Europe held its breath as Italian voters went to the polls on Sunday in a national election whose end result saw Brothers of Italy, a party with neo-fascist roots, securing a sizeable victory in both houses of parliament and scooping as it did a larger share of the vote any other party, thus providing its leader, Georgia Meloni, the opportunity to become the most far-right prime minister the country has ever had in a century — certainly since Benito Mussolini’s 1922 march on Rome, which subsequently brought him to power.
Addressing her supporters in the early hours of Monday morning, Meloni said that her party’s victory represented a moment of “redemption” for Italy. It will, however, be weeks before a new parliament is seated, a new coalition government is formed and Meloni herself gets down to work.
Given the fact that Brothers of Italy had a meagre 4.5 per cent of the vote in the elections held in 2018, the party has come a long way, achieving for itself nothing short of an astronomical rise in popularity.
The rise in that popularity is, as is well known by everyone now, part of a reactionary wave that is transforming, albeit imperceptibly and incrementally, the very ethos of Europe’s political culture and national soul, the most recent manifestation of which had taken place earlier this month in Sweden, where another hard-right group, Sweden Democrats, which had been founded in 1988 by neo-Nazis, became the largest party in the nation’s governing coalition, having won 20.5 per cent of the vote, giving it the second highest number of seats in parliament.
Only time will tell if the strong-willed
Meloni can turn with this turning moment
in Italy’s modern history and, if so, what
impact her tenure will leave
on the rest of Europe
So, you say, as I do, my goodness, if it could happen in Sweden — historically open-minded, laid-back, good-hearted Sweden — well, then, no other country in Western Europe is immune to an assault on the core values of John Lockian liberalism that underpin its system of government.
It could and it did. The wave has already hit virtually every country on the continent, leaving an impact on the sensibility of European publics everywhere. This was no more evident than in the 2014 European Election, where both the centre-right and the far-right parties across the EU scored breathtaking successes in Denmark, Slovenia, France, Greece, the United Kingdom, Italy, Austria and, yes, Sweden.
And recall how, more recently, in the April run-off elections in France, Marie le Pen’s National Rally gained a record 13.3 million votes, over 41 per cent of the total, with the incumbent president, Emanuel Macron, barely eking out a win.In short, hard-right parties across the Continent, with like-minded ideological views, are now a European phenomenon, a new normal, as it were.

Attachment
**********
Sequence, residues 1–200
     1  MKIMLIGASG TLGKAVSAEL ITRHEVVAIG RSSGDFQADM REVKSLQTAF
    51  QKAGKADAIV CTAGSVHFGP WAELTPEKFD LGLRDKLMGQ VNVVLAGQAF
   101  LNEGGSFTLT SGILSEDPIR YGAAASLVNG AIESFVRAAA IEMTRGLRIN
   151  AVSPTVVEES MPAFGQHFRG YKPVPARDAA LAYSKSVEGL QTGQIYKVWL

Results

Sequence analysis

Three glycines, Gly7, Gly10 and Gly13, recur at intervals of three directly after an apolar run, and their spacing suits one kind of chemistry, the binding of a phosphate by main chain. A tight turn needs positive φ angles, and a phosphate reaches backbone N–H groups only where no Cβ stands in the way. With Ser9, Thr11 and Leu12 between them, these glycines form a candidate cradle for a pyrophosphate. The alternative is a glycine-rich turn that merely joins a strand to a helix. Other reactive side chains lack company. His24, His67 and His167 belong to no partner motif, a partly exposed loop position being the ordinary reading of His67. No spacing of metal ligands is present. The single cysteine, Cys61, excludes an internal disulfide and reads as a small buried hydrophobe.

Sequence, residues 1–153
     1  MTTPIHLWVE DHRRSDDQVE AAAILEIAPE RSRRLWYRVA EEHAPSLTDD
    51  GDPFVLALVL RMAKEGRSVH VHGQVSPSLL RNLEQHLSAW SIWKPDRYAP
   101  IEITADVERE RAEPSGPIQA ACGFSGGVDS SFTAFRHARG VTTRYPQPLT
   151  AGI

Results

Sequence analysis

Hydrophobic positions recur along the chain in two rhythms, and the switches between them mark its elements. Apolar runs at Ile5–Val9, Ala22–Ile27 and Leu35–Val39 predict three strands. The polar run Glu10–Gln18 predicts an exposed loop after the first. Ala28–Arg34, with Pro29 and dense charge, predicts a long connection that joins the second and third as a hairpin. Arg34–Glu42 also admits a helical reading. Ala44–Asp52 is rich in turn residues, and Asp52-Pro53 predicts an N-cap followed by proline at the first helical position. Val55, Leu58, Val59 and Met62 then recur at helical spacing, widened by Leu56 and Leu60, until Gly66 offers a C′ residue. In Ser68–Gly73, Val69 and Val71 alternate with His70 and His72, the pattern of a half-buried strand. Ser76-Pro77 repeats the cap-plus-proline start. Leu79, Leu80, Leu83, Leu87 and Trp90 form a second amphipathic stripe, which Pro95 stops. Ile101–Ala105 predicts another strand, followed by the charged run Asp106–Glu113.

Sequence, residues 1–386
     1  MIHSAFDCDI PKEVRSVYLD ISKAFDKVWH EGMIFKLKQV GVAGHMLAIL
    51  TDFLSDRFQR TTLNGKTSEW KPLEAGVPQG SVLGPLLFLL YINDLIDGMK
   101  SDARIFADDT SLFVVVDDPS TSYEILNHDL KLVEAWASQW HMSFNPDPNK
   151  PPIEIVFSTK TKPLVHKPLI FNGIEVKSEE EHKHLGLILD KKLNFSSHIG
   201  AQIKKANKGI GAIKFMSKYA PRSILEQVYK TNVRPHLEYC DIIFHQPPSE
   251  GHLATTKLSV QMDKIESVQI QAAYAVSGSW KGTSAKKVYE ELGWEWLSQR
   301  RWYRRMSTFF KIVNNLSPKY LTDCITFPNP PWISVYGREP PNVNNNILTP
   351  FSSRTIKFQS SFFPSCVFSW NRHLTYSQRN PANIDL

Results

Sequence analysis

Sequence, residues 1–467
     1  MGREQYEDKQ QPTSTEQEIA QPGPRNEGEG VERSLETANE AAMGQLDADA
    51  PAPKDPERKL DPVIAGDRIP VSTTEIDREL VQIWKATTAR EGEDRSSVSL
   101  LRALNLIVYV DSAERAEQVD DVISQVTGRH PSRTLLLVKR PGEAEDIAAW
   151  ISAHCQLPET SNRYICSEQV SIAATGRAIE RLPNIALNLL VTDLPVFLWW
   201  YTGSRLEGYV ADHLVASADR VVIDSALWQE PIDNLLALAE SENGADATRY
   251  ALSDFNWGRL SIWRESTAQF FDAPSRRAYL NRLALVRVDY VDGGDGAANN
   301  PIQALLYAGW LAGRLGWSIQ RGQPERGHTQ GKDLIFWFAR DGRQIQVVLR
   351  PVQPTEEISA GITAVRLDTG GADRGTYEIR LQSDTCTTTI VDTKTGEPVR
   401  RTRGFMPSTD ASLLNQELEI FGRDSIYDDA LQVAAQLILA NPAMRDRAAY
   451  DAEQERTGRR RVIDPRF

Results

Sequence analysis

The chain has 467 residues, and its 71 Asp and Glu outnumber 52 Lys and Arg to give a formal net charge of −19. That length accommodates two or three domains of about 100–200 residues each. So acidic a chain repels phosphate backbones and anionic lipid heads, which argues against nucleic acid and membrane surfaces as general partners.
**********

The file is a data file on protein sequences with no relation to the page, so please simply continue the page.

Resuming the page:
Why does it — should it — matter at all to us non-Europeans? Simply this: We live in a globalised world where social, political and cultural transformations in one part of it will in good time very likely affect the whole.
Problem with the hard-right
The problem with the hard-right, as it is indeed with the hard-left, is that, as the adjective that qualifies them indicates, is that they are hard to reason with. Katherine Barkey, a vice president of the European Parliament and a member of Chancellor Olaf Scholtz’s Social Democrats had her own opinion of those among them leading a government.
“Our experience with this sort of government”, she said, referencing in this case Poland and Hungary, “is that they do not engage in compromise”.
And it is virtually impossible to engage those on the extreme, whatever their calling, because the constitution of these folks’ personality is afflicted with what is known in therapeutic liberation as “meta-cognition”, in effect, they refuse to accept the fact that they are wrong — and thus should modify their views when presented with contrary evidence, for they thrive in an environment where only their idea of what is right and is wrong prevails.
Tell them, say, about the valuable contribution that immigrants make, at the end of the day, to their host-states, and they will have none of it.
Alas, the surge of refugees into Europe in recent years was part of the reason for the emergence of charismatic, rabble-rousing leaders railing against “the establishment” and its elites who won’t listen, a message that the mass sentiment was readily responsive to. Not unlike Marie le Pen in France, Georgia Meloni, the Rome-born, 45-year-old mother of two, has spent years fighting her way to the top of Italian politics. Now that she has made it there, the question is whether, given her limited experience in government, she will succeed in the daunting task of cobbling together a coalition cabinet qualified enough to govern and integrated enough to last, Analysts who have followed the election campaign from its outset have their doubts, among them the noted commentator Angela Ciuffrida, who wrote in The Guardian that “maintaining unity will be a near impossible job in the months ahead”.
Only time will tell if the strong-willed Meloni can turn with this turning moment in Italy’s modern history and, if so, what impact her tenure will leave on the rest of Europe.